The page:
Don't let fear stop you from riding, but do let it tell you when to take extra caution in sticky situations.
Motorcycles can be scary. After all, you're climbing aboard a bomb with constant explosions between your legs that can go extremely fast, crash, and kill you, especially since with only two wheels, tipping over and crashing is its natural state. We don't let that stop us from riding, though. We accept those risks every time we get on a bike, then manage them to provide the best possible outcome, which is a fun ride and getting home in one piece.
Fear doesn't disappear, though, as Doodle on a Motorcycle explains. She's been riding for four years, and she still gets scared riding a motorcycle. That doesn't stop her, of course. She loves bombing around the mountain twisties. She recently started commuting to work on her bike. She even does track days, something I was scared to try for many years until I just did it.
Despite a lifelong love of motorcycles, I didn't actually start riding until my late 20s. Though I didn't plan it that way, I'm glad I waited. In my early 20s, I was cocky, dumb, and overconfident, which is normal for men at that age. I learned how much I didn't know through four wheels rather than two, and on an autocross course rather than the street. I went out sliding everywhere like the 1980s action TV shows I was raised on and wondered why grandpa, who looked like he was out for a Sunday drive in his E28 BMW, was seven seconds faster than me.
Only then did I realize how much I didn't know about driving. I buckled down to learn and became a better driver in the process. A few years later, when a friend gave me his 1982 Suzuki GS650L, I took a more careful approach to riding motorcycles. I knew how much I didn't know at first, based on how much I'd learned I didn't know with cars. I took the MSF course and was a slow, somewhat fearful rider at first. Today I've gained the experience to get past my fear—mostly. That which remains is a good thing.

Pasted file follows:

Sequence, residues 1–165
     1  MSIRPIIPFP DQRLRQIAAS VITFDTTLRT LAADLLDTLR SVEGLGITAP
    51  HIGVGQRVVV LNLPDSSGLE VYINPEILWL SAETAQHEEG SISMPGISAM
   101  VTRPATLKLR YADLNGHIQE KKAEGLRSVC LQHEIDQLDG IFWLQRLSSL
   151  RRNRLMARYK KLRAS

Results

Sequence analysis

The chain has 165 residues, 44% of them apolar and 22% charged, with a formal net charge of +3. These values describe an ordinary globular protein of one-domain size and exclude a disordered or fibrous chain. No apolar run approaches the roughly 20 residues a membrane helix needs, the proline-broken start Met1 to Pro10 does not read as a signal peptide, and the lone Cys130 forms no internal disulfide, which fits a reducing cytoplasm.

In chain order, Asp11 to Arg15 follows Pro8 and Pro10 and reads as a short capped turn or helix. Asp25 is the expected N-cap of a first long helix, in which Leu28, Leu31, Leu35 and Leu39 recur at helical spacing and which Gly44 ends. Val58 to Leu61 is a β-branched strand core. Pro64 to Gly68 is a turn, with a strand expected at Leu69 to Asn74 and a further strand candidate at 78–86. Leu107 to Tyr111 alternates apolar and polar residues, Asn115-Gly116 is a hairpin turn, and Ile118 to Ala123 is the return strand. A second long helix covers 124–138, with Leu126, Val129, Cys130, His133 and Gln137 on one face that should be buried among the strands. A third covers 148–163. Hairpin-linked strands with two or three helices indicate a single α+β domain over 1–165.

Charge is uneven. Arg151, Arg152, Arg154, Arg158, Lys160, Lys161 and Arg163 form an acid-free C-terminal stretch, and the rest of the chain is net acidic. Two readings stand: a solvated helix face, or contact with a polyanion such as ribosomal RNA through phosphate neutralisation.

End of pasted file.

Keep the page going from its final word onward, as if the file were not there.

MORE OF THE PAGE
I'm not scared to ride, but there are certain situations where fear is my Spidey sense tingling that maybe I should think twice about doing something. Take a dirt ride I was on earlier this week. I was on an unmaintained "Class 6" dirt road which had been getting into worse condition the farther I rode. A deep washout crossed the "road," and I'd have to cross over some loose rocks to get to the other side to keep going. I stopped, shut off the bike, and pondered my predicament. This was the gnarliest riding I've done this year, and since breaking my foot. I haven't taken as many risks since the doctors rebuilt it like the Six Million Dollar Man. As much as I hate giving up and turning around, was continuing such a good idea?
I took stock of the situation. The "road" (I use that term loosely at this point) improved just after this washout. It was dry, which improved traction and made a crash less likely, particularly on my Shinko 705 tires which are designed more for the road than the trail. As long as I approached the washout at an angle to the road direction, and built enough momentum to get through without dabbing a foot I figured I should be fine. So I gathered up my courage and went for it. Everything worked out exactly according to plan, and eventually, I made it all the way through to the main road on the other side of this unmaintained road.
Fear didn't stop me, but fear did make me pause to assess the situation in more detail. I wouldn't have had time to assess the condition of the washout if I hadn't stopped. I couldn't have assessed the trail condition further ahead if my mind was focused on crossing the washout right in front of me. There were risks, but I decided they were acceptable (no way would I have tried this without full gear including motocross boots), and took them. It was an educated decision, not Larry Enticer just sending it.
Don't let fear control you. Learn to control your fear. That means still listening to it, though. Fear shouldn't stop you from riding, but it should stop you from getting yourself into a particularly dangerous situation that you could have avoided.